When Zach Parise saw Bill Guerin’s name pop up on his iPhone on Tuesday morning, his mind immediately went to next week’s NHL expansion draft. With the Seattle Kraken set to pick their initial roster on July 21, and with each team’s protection lists due this week, Parise thought the Wild general manager was calling to ask him to waive his no-movement clause.

The 36-year-old veteran forward quickly realized that wasn’t the case.

“He told me (owner Craig Leipold) was in the room with him and I was like, ‘Alright, this is not what the call is about,’ ” Parise recalled in a phone interview with the Pioneer Press on Thursday morning, roughly 48 hours after learning the Wild were buying out of the final four years of his contract. “It was a quick conversation. There isn’t much to say at that point. You just have to move on.”

While the news came as a complete shock to most everyone at the time — especially the fact that the Wild also were buying out the final four years of Ryan Suter’s contract — Parise admitted he was anticipating something like this to happen at some point this offseason. At least to him.

“I felt like the writing was on the wall for me,” Parise said. “There was sadness that this was the way it was ending, but I was somewhat prepared for it. I did not see them buying out Ryan, too. That was a big-time surprise to me. And I know it was a big-time surprise to him.”

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As for Parise specifically, it’s no secret that he was unhappy with his diminishing role on the roster. Not only did he see his playing time steadily decrease last season, he was a healthy scratch for the start of the playoffs, and might not have played at all had fellow winger Marcus Johansson not broken his arm.

“I had my expectations heading into last season and where I fit in on the team,” Parise said. “Then it shakes out the way it did. I never questioned whether I was good enough to play in the NHL. Just unfortunate the way it ended up working out during the season. It wasn’t fun, I’ll say that much.”

In that sense, Parise is welcoming a fresh start when free agency opens on July 28 . He said the initial shock of being bought out has worn off over the past 48 hours and he has already started talking with other teams about where he might fit in next season.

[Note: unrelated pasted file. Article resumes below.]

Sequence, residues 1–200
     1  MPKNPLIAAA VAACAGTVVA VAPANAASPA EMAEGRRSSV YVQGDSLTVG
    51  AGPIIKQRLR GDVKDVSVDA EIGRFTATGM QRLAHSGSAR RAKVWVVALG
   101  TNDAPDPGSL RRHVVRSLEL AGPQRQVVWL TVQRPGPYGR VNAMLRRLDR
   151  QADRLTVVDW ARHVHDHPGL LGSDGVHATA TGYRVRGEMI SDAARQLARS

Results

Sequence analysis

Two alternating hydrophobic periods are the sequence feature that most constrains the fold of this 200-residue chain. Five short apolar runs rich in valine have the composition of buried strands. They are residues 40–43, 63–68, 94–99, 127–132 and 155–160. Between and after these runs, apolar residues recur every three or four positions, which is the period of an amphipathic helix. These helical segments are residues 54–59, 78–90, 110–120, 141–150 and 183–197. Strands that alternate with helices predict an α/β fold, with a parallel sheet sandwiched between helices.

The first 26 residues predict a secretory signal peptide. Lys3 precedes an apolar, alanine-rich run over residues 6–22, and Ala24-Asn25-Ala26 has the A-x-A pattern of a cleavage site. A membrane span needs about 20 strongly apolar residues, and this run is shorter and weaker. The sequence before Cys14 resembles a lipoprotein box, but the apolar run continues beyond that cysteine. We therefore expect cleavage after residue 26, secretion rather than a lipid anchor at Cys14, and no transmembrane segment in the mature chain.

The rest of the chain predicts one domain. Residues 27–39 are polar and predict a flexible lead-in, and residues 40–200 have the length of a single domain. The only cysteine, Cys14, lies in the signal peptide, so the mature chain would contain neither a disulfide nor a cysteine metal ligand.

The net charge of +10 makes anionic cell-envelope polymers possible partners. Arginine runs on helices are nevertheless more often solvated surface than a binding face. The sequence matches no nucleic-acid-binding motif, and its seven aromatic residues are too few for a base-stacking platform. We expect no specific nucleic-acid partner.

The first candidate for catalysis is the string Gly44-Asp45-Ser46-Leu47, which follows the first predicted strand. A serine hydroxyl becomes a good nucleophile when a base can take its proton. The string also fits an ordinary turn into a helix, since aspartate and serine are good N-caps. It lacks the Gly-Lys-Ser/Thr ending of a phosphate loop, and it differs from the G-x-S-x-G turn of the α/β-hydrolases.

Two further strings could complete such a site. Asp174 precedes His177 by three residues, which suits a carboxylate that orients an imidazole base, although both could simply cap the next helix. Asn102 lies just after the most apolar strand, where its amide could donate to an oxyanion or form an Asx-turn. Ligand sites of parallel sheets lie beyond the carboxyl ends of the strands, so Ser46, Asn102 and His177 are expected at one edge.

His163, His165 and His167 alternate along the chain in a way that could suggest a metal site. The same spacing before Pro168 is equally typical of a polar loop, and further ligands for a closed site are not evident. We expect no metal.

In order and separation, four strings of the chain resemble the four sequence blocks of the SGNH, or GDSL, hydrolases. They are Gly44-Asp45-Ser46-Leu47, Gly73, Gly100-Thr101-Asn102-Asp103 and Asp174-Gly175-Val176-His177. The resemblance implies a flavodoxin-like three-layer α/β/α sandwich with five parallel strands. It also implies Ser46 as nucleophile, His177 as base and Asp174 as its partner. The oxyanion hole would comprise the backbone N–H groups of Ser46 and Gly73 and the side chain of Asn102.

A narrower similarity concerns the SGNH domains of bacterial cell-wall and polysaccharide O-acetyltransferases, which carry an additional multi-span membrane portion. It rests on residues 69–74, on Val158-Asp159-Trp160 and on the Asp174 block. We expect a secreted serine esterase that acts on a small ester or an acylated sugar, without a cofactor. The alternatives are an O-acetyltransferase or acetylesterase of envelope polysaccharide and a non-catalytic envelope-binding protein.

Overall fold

There’s no doubt Parise can still contribute at a high level if give the chance. He proved that much in the first-round playoff series against the Vegas Golden Knights, scoring a pair of big goals to help the Wild stave off elimination. Vegas ended up winning the series in seven games.

“I’m starting to get excited again,” Parise said. “I knew my spot here wasn’t going to change. It was going to be the same thing next season. To get a better opportunity is really exciting. It’s energizing. It’s rejuvenating. I’m looking forward to seeing where this is going to go.”

Asked about his Wild career as a whole, Parise said everything was still a little too fresh to effectively sum up the past decade. He remembers the elation of signing on July 4, 2012. He remembers some of the past Wild teams he felt were good enough to win a Stanley Cup. He remembers running into the rival Chicago Blackhawks time and time again in the playoffs.

“We had some great teams early on,” Parise said. “Unfortunately we ran into a team that was in the midst of a dynasty. That’s just the way it goes. I thought 2013-14 and 2014-15 could’ve been our years. It’s just unfortunate that the Blackhawks were pretty close to unstoppable at that point.”

Though he never brought a Stanley Cup to the Twin Cities — which was the ultimate goal when he and Suter signed identical contracts with the Wild for $98 million apiece — Parise said he can walk away with his head held high.

“I really enjoyed my time here,” Parise said. “It ended with a little bit of a bitter taste. But I don’t regret it at all. I know I gave everything I had and I did my best to try and help this team win. I can live with that.”